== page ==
The Opioid Crisis Is Hitting Some States Especially Hard


Medical workers and police treat a woman in Ohio who has overdosed on heroin. At least 4,149 Ohioans died from drug overdoses in 2016, a 36 percent increase from 2015, making Ohio the leader in U.S. overdose deaths. Spencer Platt/Getty Images
Medical workers and police treat a woman in Ohio who has overdosed on heroin. At least 4,149 Ohioans died from drug overdoses in 2016, a 36 percent increase from 2015, making Ohio the leader in U.S. overdose deaths. Spencer Platt/Getty Images

Primarily by way of prescription pads, opioids have quietly snuck in and escalated into a nationwide crisis, ramping up drug overdose deaths to the point that they are now likened to losing a Vietnam War every year, or, according to the members appointed by President Donald Trump in March to investigate the crisis, a death toll equaling September 11 every three weeks.

Few, if any, areas in the U.S. remain untouched by this epidemic, but it has hit certain parts of the country with exceptional vigor, including the Northeast (especially Massachusetts, New Hampshire and Rhode Island), and the "Rust Belt," (Illinois, Indiana, Michigan, Ohio and Pennsylvania). Tennessee, Kentucky, Utah, New Mexico and West Virginia also top the list of states experiencing rampant drug overdose deaths, the majority of which involve opioids.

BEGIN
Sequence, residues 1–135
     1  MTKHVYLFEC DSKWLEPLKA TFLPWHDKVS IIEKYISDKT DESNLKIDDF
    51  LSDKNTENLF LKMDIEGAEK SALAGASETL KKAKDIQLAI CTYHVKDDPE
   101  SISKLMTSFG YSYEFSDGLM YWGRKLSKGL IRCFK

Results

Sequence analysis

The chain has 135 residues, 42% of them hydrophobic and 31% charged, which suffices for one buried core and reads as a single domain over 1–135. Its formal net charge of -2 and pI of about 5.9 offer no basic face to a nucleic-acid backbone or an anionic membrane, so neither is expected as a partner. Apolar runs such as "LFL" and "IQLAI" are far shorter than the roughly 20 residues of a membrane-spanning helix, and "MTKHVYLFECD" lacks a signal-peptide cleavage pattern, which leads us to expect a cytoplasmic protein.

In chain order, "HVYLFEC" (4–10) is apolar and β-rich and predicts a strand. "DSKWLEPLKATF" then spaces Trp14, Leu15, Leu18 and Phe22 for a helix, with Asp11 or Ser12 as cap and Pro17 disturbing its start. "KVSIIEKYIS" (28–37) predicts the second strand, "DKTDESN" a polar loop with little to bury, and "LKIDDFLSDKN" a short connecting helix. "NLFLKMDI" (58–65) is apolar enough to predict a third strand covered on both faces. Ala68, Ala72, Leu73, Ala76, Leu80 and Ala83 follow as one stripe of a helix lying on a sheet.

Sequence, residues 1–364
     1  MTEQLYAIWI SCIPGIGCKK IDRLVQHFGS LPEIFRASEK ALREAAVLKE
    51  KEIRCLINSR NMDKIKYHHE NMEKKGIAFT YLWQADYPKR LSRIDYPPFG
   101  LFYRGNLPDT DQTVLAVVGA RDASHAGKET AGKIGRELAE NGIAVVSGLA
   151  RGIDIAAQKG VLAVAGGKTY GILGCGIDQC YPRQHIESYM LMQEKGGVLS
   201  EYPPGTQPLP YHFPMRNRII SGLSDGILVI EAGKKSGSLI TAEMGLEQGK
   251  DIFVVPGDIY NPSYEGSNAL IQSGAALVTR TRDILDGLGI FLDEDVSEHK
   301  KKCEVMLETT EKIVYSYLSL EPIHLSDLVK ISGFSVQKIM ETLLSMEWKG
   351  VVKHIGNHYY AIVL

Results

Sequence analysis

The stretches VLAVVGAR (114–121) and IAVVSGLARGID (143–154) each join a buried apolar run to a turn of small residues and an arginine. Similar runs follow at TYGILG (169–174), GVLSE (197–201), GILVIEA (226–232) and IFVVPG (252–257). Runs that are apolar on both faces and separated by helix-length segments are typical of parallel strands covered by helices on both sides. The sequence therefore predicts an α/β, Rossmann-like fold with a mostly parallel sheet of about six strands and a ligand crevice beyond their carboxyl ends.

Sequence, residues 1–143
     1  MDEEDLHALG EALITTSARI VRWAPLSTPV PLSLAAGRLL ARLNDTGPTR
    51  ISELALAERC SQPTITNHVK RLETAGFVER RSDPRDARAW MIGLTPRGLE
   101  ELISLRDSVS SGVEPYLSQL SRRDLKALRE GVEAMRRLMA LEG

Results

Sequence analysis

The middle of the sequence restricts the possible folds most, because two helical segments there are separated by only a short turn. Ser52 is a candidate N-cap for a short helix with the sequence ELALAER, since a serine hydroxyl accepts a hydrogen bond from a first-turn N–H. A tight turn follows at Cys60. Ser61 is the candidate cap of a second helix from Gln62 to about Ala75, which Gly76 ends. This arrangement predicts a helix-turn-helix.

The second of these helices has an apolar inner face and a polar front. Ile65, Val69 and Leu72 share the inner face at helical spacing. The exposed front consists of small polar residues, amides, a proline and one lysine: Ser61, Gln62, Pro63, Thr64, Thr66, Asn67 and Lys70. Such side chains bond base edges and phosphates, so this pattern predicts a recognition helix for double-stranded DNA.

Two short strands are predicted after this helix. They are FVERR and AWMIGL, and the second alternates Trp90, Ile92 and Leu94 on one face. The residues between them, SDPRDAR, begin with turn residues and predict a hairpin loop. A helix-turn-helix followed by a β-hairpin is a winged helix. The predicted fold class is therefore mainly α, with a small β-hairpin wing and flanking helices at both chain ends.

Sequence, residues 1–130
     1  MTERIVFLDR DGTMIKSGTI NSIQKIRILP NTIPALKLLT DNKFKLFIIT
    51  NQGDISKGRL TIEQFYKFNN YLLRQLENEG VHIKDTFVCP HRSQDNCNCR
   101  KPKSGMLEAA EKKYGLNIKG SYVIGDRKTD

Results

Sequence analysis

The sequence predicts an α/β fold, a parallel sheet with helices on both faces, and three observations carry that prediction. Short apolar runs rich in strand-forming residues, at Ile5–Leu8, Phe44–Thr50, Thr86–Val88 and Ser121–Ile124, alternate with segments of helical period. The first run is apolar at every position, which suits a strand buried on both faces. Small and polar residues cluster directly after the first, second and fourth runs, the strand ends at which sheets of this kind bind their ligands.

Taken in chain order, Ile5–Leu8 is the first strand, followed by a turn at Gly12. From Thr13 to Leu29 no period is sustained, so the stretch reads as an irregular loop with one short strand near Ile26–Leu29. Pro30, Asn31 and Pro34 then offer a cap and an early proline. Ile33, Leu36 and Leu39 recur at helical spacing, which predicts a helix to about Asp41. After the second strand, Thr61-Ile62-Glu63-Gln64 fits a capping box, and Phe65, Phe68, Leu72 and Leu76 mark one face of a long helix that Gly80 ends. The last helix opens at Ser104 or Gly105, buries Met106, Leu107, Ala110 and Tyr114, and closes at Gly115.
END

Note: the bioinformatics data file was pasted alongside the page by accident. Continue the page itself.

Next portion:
The U.S. as a whole has the unfortunate distinction of leading the international pack in opioid abuse by a huge margin. The report recently given to President Trump by the Commission on Combating Drug Addiction and the Opioid Crisis detailed sobering statistics, including how 2015 alone saw enough opioids prescribed in the United States to thoroughly medicate each and every American for a period of three weeks.

The report also notes that more than 560,000 Americans died between 1999 and 2015 of drug overdoses, two-thirds of which were caused by opioids like OxyContin, heroin and Percocet, as well as Fentanyl, a comparatively newfangled and highly deadly version. This staggering statistic means that drug overdoses now kill more people than both car crashes and gun homicides combined.